Daily Gospel Reflection – Thursday of the Twenty-first Week in Ordinary Time
Bishop Robert Barron
August 31, 2023
Thursday of the Twenty-first Week in Ordinary Time
Gospel: Mt 24:42-51
Jesus said to his disciples: "Stay awake! For you do not know on which day your Lord will come. Be sure of this: if the master of the house had known the hour of night when the thief was coming, he would have stayed awake and not let his house be broken into. So too, you also must be prepared, for at an hour you do not expect, the Son of Man will come.
"Who, then, is the faithful and prudent servant, whom the master has put in charge of his household to distribute to them their food at the proper time? Blessed is that servant whom his master on his arrival finds doing so. Amen, I say to you, he will put him in charge of all his property. But if that wicked servant says to himself, 'My master is long delayed,' and begins to beat his fellow servants, and eat and drink with drunkards, the servant's master will come on an unexpected day and at an unknown hour and will punish him severely and assign him a place with the hypocrites, where there will be wailing and grinding of teeth."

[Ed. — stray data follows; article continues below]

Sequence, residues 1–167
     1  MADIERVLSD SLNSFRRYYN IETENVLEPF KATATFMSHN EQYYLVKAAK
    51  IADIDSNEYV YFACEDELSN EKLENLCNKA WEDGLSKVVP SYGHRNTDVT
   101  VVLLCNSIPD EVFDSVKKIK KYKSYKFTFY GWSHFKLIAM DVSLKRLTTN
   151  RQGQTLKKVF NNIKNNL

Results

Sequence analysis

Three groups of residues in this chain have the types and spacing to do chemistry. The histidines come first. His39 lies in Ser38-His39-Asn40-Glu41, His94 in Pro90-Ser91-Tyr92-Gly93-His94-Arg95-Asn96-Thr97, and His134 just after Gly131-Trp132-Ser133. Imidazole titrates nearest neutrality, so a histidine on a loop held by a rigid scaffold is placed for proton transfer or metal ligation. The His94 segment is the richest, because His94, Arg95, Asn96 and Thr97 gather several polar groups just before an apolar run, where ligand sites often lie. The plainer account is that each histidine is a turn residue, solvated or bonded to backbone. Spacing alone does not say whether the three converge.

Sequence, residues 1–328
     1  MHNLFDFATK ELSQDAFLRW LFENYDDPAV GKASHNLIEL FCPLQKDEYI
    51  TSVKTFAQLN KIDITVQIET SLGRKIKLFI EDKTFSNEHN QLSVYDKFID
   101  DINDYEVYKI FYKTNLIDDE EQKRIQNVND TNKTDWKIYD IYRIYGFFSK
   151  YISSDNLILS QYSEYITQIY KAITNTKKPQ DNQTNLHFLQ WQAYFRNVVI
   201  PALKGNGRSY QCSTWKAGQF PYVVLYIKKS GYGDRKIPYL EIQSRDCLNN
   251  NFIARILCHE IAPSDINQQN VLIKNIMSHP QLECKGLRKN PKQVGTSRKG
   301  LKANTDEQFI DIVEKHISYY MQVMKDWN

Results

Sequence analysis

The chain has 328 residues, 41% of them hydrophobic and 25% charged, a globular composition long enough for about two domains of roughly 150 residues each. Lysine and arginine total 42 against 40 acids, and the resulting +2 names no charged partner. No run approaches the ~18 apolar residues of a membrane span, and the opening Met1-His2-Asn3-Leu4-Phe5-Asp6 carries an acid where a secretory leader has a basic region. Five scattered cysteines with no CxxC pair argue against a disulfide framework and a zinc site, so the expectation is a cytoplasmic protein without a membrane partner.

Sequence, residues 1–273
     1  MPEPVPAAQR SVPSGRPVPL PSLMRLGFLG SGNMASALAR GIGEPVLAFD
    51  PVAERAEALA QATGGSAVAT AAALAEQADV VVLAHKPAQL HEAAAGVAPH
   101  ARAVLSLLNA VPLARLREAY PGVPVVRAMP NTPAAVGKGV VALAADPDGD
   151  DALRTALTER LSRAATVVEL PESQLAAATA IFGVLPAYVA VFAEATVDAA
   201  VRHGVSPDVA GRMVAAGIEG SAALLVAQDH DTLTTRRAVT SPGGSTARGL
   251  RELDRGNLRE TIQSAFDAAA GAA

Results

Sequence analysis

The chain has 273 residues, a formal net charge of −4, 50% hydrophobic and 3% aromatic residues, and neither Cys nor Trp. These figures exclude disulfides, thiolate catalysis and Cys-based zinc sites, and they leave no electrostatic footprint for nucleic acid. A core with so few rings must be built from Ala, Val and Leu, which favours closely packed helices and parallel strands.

*United States Conference of Catholic
Bishop Robert Barron
Friends, in today’s Gospel, Jesus praises the faithful servant who served his master in a theo-drama. We are called to serve our Master in the same way. A theo-drama is written and directed by God. On the great stage that is the created universe and according to the prototype that is Christ, we are invited to “act,” to find and play our role in God’s theater.
The problem is that the vast majority of us think that we are the directors, writers, and above all, stars of our own “ego-dramas,” with other people functioning as either our supporting players or the villains in contrast to whom we shine all the brighter.
Of course, our dramas are always uninteresting, even if we are playing the lead role. The key is to find the role that God has designed for us, even if it looks like a bit part. Sometimes, in a lengthy novel, a character who has seemed minor emerges as the fulcrum around which the entire narrative turns.
When we de-center the ego and live in an exciting and unpredictable relationship to God, we realize very clearly that our lives are not about us. And that’s a liberating discovery.